Brand Strategy for a New Generation

Figuring out a brand strategy for the new generation begins with understanding who the new generation is.
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Figuring out a brand strategy for the new generation begins with understanding who the new generation is. When I was a first grade and middle school teacher, I was blown away by "Generation Z." Generation Z is 19 and under, and makes up 25.9% of the economy. My two favorite moments of teaching provide insight into how brands must target the new generation of Z'ers and learn to speak their language.

These moments occurred five years ago with my middle school students, who are now 18 years old. In order to get closer to them and make them feel like I wasn't just some old, antiquated teacher, (i.e. the same situation many brands are in right now), I had to listen carefully to them. They were used to sharing who they were, and being able to create their own conversations through content. They introduced me to a book series none of my friends had heard of called "Twilight" and told me about this new kid they saw perform at the mall named Justin Bieber.

I consider Generation Z the "insider trading" of what's trending. They create the trends. They create the movements. They care about what's going on in the world, and they believe that they can make that difference.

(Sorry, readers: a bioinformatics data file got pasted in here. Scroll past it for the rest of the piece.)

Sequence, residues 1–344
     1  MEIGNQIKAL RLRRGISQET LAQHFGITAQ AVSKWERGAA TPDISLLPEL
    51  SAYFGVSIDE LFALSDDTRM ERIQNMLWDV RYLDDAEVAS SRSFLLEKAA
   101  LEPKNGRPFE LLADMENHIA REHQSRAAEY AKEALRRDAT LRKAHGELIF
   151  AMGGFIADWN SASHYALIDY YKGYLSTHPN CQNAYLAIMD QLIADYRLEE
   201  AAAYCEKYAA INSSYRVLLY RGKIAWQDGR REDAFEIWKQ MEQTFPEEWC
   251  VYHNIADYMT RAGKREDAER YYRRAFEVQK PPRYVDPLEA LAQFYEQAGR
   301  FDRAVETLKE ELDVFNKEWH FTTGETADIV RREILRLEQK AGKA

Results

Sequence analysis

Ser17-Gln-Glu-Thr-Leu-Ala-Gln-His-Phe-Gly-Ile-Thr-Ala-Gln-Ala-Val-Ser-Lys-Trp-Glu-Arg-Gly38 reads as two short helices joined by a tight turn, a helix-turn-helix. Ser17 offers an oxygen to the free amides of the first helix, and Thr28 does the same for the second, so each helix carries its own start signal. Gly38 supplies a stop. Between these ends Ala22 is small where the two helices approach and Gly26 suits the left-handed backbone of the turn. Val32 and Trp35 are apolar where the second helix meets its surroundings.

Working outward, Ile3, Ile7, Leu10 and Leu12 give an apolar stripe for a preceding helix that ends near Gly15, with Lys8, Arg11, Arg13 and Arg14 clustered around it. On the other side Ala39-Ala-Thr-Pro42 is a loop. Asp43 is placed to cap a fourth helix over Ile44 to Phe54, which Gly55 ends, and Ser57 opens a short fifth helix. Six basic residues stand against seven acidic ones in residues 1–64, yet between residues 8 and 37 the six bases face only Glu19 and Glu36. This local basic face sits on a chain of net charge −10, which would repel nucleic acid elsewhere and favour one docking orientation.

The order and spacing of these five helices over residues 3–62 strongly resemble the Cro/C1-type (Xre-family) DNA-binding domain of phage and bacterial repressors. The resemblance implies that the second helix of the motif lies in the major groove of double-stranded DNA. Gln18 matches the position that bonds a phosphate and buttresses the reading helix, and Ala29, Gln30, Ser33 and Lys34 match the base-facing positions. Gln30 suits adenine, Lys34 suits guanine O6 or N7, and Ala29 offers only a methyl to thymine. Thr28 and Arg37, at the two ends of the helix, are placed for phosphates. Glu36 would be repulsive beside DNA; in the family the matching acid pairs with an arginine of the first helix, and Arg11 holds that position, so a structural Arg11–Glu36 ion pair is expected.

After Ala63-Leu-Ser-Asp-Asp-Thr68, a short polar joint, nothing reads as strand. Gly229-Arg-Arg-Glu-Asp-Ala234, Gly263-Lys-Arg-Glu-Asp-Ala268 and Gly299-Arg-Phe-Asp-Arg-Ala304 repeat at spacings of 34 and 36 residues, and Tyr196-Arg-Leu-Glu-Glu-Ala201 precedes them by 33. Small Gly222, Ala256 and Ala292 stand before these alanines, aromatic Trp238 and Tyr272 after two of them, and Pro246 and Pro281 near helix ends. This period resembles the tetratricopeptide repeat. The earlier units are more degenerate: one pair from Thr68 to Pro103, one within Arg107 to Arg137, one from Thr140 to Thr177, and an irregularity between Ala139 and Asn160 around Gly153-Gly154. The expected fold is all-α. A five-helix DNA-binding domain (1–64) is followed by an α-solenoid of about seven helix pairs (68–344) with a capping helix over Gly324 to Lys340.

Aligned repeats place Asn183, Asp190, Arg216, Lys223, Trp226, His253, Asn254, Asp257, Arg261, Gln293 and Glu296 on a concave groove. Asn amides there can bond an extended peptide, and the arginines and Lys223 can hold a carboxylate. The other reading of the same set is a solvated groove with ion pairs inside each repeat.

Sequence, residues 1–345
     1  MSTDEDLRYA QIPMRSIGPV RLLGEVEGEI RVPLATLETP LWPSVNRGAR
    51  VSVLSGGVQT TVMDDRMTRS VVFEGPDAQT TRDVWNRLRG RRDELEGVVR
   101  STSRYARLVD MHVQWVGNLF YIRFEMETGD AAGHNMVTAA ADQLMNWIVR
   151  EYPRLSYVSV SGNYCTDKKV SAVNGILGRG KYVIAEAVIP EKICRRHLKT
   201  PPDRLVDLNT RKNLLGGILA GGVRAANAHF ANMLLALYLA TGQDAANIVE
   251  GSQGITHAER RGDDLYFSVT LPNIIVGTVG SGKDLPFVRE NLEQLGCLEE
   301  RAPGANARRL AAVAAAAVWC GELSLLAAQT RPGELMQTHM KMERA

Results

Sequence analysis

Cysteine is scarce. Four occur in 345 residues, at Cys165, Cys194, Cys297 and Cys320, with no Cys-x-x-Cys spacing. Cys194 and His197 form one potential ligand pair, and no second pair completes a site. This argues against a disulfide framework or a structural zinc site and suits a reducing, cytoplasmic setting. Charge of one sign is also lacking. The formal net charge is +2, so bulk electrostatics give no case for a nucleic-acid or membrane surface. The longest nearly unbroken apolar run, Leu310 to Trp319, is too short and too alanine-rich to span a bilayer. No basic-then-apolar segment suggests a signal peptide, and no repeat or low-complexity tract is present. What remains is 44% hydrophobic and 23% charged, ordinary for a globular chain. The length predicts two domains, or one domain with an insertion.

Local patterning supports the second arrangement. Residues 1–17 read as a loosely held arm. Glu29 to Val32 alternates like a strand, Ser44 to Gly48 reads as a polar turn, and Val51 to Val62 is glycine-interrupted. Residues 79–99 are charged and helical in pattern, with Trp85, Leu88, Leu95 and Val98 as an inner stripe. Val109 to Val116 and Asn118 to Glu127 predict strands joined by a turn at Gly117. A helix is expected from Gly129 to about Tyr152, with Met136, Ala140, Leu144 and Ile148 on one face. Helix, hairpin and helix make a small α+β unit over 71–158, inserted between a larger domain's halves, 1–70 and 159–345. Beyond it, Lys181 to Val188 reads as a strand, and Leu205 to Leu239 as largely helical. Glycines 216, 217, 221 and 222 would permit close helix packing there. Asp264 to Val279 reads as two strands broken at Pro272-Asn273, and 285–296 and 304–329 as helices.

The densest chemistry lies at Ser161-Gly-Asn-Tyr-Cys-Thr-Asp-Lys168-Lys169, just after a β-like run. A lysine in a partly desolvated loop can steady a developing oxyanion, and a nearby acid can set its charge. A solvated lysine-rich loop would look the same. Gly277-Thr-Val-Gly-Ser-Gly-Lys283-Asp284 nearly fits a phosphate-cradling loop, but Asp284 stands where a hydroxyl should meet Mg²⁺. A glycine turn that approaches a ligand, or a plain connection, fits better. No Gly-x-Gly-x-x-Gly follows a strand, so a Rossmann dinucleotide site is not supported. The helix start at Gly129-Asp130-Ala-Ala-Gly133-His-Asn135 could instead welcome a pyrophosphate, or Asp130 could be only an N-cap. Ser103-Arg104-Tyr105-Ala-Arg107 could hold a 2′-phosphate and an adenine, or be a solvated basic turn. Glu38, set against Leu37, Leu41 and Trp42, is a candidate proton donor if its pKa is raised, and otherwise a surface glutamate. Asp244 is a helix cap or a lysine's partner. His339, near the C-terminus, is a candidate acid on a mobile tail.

Here are three key lessons from Generation Z that brands can learn from:

Born in the Digital Age. Generation Z'ers (and Millennials) know more than we do about technology and innovation. They were born using iPads instead of pacifiers. They know how to navigate YouTube as if they built it. While this is a generalization, they use technology to connect with each other and the world, rather than using it as an escape from the world. When talking with them, brands ought to recognize that they can learn from this generation, rather than telling them what it is cool.

Holistic Connections. They want to be immersed in experiences that take them outside of what is comfortable. They aren't looking at their future as a perfect shiny opportunity to become a doctor or lawyer and have great healthcare, they are looking across the world at their peers they connect with on Snapchat and Whatsapp and want to figure out ways to have deeper, globalized connections. They see different cultures, foods, stories, experiences and want to become a part of all of it. They would rather spend money on traveling and sharing Instagram photos of the new meal they tried rather than be paid big bucks to sit in a cubicle.

Building a Community. They want to be heard and want to actively participate in what's happening in the world. They don't just want to tweet, they want to lead. They want to act, they want to share their stories and learn from each other. They want to show the world that they don't need to be stuck in this existence the past generations have created for them, they have the ability to shape our future and they don't want to listen to those before them who messed it all up.

All in all, I've learned immensely from my time teaching Generation Z - starting when my first graders told me to move over so they could show me how to use the smart board, to when my middle schoolers were showing me what was cool years before it was cool. I learned to listen to them. I learned that they know more than adults do, that they are tapped in, in an entirely different way. They get it. They do not want to be sold, they want to be a part of the process, and they want to feel like what they are purchasing, choosing, or being a part of is created by them.

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